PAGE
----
Malcolm Massey at Black graduation
BGSU senior Malcolm Massey hopes to emulate the University's inclusive environment in his future career in student affairs. (BGSU photo/Haven Conn)

Class of 2023: Senior inspired to pursue graduate degree in student affairs from experiences at BGSU

Malcolm Massey wants to emulate University’s inclusive environment in his future career

By Laren Kowalczyk ‘07

In his four years at Bowling Green State University, senior Malcolm Massey has held many roles supporting both current and prospective students.

He spent a summer as an orientation leader acclimating incoming freshmen to campus, serves as the first line of contact for residential students as a resident success mentor, is a campus tour guide and has planned some of the largest student events on campus as president of the University Activities Organization.

His intent in each position is to create an inclusive environment, where students of all backgrounds, races, ethnicities and genders feel welcome.

“I want to make sure students feel comfortable here, to feel like this is their home,” Massey said. “One important part of that for me has always been a focus on diversity, equity and inclusion and ensuring all students feel like they belong.”

Massey, who will graduate April 29 with a bachelor’s degree in tourism, hospitality and event management, plans to continue that commitment to inclusivity in his future career in student affairs — an interest fostered by his experiences at the University and several mentors.

He's been accepted to four student affairs graduate programs, including three at Tier 1 research universities.

“I want to create more programs, services and scholarships for students of color, students of marginalized identities and students who have disabilities,” Massey said. “I want to help those students succeed and graduate so they can go on to create good in our world.”

Malcolm Massey and his father at Black graduation
Malcolm Massey receives his Kente stole from his father during the Black graduation celebration April 15. (BGSU photo/Haven Conn)

As a scholar in the President’s Leadership Academy (PLA) and the McNair Research Program, Massey said he had built-in support systems and resources that not all students receive.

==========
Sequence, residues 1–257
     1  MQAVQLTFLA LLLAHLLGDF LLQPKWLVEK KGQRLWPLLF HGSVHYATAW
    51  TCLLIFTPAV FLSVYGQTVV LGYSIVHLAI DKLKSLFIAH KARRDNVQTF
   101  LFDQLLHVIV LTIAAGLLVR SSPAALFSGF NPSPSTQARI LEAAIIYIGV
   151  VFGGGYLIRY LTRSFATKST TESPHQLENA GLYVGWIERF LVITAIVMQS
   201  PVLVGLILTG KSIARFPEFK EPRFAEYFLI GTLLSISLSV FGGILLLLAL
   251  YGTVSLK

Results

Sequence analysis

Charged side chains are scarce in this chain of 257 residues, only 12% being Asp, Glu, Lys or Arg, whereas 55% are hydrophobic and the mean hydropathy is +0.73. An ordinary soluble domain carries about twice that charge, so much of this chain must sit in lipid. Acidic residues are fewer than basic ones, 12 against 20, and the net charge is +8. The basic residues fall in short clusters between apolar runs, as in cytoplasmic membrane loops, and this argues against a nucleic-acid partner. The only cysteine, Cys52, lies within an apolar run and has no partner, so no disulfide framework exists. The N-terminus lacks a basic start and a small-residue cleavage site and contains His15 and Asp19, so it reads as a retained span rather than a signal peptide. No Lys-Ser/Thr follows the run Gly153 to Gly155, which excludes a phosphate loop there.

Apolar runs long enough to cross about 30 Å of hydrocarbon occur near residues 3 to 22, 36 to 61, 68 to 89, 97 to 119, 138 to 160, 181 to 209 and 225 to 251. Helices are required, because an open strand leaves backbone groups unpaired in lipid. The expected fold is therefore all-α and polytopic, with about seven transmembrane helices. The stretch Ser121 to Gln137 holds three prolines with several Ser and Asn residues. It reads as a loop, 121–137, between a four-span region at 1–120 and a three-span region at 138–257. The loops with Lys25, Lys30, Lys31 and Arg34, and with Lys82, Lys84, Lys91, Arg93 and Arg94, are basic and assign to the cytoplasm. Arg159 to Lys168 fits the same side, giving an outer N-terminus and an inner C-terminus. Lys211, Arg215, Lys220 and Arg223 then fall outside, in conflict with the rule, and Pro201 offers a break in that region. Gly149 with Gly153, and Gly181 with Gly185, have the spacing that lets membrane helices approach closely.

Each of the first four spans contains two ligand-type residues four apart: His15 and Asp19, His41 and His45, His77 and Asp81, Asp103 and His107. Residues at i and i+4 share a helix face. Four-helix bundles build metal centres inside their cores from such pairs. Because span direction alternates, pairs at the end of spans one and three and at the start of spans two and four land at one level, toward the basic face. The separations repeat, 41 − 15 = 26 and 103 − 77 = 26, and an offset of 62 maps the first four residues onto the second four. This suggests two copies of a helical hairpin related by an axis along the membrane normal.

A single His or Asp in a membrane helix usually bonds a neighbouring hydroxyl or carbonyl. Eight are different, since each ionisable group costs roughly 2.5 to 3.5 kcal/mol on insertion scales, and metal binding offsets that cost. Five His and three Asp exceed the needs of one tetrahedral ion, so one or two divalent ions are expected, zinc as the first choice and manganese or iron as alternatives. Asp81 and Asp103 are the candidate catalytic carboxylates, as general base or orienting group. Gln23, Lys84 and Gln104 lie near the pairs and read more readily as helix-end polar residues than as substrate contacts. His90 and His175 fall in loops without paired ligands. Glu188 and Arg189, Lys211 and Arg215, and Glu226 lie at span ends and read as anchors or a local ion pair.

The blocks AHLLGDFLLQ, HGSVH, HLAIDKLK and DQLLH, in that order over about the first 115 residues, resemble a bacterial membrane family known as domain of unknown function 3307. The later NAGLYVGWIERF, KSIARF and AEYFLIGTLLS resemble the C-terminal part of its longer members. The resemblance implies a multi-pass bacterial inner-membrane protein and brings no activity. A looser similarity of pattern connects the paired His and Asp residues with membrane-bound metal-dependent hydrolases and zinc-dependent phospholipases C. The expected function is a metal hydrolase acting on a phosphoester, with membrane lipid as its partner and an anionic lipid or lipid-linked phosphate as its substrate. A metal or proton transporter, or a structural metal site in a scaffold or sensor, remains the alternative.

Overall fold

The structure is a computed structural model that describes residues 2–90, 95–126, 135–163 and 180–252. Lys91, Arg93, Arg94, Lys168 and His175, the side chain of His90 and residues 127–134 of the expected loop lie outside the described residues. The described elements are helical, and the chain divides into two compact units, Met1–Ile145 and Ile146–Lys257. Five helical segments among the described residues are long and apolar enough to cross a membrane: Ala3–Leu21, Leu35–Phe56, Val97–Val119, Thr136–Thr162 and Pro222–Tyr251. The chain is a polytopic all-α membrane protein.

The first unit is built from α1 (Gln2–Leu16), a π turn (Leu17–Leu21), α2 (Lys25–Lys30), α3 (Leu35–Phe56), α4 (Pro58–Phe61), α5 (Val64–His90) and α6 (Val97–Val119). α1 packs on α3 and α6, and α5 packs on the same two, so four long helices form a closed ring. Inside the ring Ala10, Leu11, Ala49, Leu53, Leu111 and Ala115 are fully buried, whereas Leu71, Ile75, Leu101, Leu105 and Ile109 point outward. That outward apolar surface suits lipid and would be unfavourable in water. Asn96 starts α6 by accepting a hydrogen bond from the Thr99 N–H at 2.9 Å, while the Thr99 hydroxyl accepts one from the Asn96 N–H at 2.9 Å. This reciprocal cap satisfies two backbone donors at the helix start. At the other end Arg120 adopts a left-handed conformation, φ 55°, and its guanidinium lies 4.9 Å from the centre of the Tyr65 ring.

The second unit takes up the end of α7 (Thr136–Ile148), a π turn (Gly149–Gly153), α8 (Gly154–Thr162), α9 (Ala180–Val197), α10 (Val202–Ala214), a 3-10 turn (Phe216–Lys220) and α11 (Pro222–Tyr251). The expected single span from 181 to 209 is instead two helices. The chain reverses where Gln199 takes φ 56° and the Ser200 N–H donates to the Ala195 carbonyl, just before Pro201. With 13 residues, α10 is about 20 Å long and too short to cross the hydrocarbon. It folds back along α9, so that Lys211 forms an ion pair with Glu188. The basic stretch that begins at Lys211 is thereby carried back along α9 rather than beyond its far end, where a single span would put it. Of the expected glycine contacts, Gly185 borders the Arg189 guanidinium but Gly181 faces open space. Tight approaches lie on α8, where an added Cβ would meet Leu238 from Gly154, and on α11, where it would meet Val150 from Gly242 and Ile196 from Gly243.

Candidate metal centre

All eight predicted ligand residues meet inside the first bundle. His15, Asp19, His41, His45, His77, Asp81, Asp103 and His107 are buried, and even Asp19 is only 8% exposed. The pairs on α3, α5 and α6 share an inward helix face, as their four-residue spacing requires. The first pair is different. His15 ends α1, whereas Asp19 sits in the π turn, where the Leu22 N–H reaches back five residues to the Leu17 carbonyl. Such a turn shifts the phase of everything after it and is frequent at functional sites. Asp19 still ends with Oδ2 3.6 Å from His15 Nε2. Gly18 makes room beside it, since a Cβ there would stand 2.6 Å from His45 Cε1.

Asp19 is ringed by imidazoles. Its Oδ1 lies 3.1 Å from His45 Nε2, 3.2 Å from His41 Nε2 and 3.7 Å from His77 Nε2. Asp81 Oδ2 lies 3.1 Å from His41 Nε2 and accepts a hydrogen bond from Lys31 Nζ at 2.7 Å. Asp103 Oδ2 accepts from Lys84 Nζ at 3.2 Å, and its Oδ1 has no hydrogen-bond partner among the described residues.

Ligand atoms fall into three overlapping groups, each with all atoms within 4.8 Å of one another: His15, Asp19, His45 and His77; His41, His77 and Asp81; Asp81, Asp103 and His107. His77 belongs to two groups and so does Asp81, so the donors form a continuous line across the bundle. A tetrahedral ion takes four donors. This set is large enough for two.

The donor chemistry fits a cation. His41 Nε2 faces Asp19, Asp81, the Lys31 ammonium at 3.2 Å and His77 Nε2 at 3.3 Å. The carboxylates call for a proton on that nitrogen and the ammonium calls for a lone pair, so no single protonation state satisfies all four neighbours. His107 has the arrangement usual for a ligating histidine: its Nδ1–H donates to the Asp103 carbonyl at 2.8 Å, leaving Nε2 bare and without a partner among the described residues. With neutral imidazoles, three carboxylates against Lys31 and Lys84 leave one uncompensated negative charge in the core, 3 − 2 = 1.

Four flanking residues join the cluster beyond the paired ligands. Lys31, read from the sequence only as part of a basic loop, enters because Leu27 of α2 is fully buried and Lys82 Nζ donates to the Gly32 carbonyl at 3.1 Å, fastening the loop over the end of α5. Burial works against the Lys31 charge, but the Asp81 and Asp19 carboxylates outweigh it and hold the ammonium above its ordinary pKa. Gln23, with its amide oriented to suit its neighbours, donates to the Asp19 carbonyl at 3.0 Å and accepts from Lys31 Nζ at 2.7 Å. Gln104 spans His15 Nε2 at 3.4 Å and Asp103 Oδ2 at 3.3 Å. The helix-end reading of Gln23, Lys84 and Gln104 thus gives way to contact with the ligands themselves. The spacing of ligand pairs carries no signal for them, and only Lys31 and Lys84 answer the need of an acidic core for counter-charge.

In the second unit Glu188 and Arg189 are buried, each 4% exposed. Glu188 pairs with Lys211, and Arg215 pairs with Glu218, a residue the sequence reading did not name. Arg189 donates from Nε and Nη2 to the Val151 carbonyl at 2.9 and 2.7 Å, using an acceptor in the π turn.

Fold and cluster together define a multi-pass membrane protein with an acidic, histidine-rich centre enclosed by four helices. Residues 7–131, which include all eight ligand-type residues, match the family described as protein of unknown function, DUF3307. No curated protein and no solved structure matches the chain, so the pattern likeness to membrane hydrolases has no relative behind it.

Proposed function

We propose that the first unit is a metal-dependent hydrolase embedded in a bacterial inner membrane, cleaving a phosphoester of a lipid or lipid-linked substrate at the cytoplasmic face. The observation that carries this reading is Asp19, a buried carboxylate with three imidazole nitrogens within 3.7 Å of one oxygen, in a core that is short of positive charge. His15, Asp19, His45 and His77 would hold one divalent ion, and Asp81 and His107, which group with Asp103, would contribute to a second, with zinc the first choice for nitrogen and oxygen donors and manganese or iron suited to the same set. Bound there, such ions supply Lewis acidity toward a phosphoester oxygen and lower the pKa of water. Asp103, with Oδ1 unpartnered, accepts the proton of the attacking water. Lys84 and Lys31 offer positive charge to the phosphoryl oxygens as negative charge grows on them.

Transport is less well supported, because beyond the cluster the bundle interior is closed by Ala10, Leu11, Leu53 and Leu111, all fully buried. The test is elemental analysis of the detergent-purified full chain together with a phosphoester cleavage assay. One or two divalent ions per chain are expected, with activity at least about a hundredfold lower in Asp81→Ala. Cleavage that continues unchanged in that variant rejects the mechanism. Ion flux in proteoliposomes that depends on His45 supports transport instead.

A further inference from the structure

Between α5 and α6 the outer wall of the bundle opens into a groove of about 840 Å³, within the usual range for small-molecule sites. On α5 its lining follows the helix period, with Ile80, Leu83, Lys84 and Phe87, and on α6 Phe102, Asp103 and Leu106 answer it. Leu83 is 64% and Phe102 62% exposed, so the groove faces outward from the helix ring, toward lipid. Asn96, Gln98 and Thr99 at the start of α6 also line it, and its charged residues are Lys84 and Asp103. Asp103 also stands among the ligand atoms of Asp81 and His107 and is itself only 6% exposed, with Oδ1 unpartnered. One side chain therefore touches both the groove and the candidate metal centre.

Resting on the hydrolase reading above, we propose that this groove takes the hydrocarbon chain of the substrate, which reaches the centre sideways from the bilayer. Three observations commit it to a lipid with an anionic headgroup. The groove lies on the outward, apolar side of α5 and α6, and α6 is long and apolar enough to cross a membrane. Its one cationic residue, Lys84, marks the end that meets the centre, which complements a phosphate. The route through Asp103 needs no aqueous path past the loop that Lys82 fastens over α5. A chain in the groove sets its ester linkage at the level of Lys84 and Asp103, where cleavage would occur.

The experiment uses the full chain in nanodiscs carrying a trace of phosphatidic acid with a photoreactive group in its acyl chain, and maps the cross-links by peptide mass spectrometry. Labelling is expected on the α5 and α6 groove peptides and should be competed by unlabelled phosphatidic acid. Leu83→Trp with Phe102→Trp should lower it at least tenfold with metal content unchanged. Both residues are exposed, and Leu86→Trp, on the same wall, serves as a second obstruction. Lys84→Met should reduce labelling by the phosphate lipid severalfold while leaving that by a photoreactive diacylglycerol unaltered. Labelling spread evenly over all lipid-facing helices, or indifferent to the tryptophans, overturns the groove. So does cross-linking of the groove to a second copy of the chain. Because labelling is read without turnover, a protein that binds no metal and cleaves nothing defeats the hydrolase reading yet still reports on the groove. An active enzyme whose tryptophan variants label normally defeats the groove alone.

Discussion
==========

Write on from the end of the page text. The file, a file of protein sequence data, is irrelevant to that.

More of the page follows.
Even so, he admitted to facing challenges.

“College is hard, and it can be scary for a lot of people,” he said. “I came into college with the support of a program that provided a lot of extra help and opportunities, and I still struggled. Part of what made a difference is the genuine connections I had with my advisor and faculty and staff. I want to be that difference for students.”

Whether as an orientation leader or tour guide, Massey intentionally asks for and uses students’ preferred pronouns. He said he wants students to feel comfortable being themselves.

Massey also uses humor whenever appropriate.

“It’s important for the students to laugh,” he said. “We know college can be stressful and hard, but we’re all trying to get through it together and it makes it a lot more pleasant if we can joke and laugh about it.”

Kendra Lutes, assistant director in the C. Raymond Marvin Center for Student Leadership and Civic Engagement, values Massey's contributions to the campus community and his commitment to creating public good.

“It is hard to think of a day, event or program at BGSU and not think of Malcolm," Lutes said. "He has become such a staple in the campus community and is the epitome of the Falcon family. His love and commitment to bettering our campus and caring for those around him will leave a legacy of compassion long after his time as a student here.”

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Updated: 04/24/2023 04:48PM